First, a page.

UAMS Turns Corner, Slashes Annual Loss

by Mark Friedman  on Monday, Oct. 4, 2010 12:00 am  

"We also need to build our reserves in order to anticipate ... changes in the whole [health care] system over the next several years," Rahn said.

Also, UAMS will be part of the statewide trauma system, which is expected to be operational next year. Last week, UAMS was the first hospital in the state to receive a Level I designation from the Arkansas Department of Health for providing the highest level of trauma care.

UAMS Growth

Part of UAMS' financial trouble can be blamed on its growth and the sluggish economy. At the end of 2008, as the country fell into its worst recession since the 1930s, UAMS was wrapping up major expansions and new construction.

While other university hospitals around the country were freezing their payrolls and shelving capital projects, UAMS was in a growth mode. It had added 300 employees to operate its new 10-story, 540,000-SF, $200 million hospital in January 2009 and its six-story, $32 million Psychiatric Research Institute, which opened in December 2008. The hospital featured the latest medical technology, larger all-private patient rooms and neonatal intensive care units.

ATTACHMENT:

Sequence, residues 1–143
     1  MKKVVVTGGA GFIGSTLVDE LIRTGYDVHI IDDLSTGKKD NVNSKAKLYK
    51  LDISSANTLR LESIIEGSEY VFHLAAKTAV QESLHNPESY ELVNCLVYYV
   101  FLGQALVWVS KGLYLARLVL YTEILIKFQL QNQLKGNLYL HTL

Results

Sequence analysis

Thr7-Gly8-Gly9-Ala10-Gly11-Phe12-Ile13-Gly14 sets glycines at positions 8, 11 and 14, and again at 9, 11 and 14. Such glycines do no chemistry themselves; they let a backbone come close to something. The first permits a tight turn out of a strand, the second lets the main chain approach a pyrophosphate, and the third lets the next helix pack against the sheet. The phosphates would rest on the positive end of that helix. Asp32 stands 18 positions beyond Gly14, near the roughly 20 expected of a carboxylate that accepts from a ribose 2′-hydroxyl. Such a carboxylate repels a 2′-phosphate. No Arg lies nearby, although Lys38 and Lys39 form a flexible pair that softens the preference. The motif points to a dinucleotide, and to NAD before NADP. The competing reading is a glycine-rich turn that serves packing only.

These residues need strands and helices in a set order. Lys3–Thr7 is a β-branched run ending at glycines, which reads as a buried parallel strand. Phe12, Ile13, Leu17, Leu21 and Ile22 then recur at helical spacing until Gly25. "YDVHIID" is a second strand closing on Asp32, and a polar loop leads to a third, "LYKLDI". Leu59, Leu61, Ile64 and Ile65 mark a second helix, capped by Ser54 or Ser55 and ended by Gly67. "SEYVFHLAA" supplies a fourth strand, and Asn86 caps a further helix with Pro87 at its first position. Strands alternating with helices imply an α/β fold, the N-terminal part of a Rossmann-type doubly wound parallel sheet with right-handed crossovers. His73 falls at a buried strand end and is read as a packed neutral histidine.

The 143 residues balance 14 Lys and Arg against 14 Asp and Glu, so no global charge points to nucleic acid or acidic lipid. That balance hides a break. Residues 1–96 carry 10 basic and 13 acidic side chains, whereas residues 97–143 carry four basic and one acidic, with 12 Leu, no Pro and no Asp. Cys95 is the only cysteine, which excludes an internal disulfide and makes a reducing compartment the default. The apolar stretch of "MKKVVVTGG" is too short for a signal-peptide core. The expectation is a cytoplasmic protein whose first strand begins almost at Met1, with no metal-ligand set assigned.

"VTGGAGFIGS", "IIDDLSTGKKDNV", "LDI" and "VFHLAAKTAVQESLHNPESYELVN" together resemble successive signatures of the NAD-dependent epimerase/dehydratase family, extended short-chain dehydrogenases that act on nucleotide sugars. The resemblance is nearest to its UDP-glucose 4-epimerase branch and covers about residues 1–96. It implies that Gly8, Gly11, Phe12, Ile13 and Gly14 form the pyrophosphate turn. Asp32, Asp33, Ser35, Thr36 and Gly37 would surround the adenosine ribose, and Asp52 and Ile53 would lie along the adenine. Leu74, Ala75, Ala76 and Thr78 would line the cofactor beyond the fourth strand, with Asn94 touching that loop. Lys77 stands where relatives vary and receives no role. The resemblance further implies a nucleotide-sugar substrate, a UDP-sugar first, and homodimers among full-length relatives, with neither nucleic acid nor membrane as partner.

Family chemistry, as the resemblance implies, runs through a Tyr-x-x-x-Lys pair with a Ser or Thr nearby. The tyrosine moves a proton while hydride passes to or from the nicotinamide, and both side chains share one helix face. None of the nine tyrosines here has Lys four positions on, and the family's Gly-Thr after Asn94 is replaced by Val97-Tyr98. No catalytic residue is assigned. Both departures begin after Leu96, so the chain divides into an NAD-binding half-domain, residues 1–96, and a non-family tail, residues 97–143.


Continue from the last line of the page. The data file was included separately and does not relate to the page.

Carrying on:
For fiscal year 2007, which began in mid-2006, UAMS spent $600.5 million on compensation and benefits. Two years later, those costs alone had risen to $707.1 million.

UAMS' former chancellor, Wilson, had lobbied for a new hospital for years, saying the one it had was too old and small.

When "we moved into the new hospital, it was a dramatic change," Rahn said. "There was lots of concern directed toward assuring that there was an adequate number of staff. The change in operations associated with moving into the new hospital coincided with general experiences we've all had with the economy."

He said those two forces "conspired to get us into negative territory more dramatically than was anticipated."

At the end of June 2009, the UAMS Medical Center had patient revenue of $1.2 billion and a loss of $28 million.

 

More Losses

 

 

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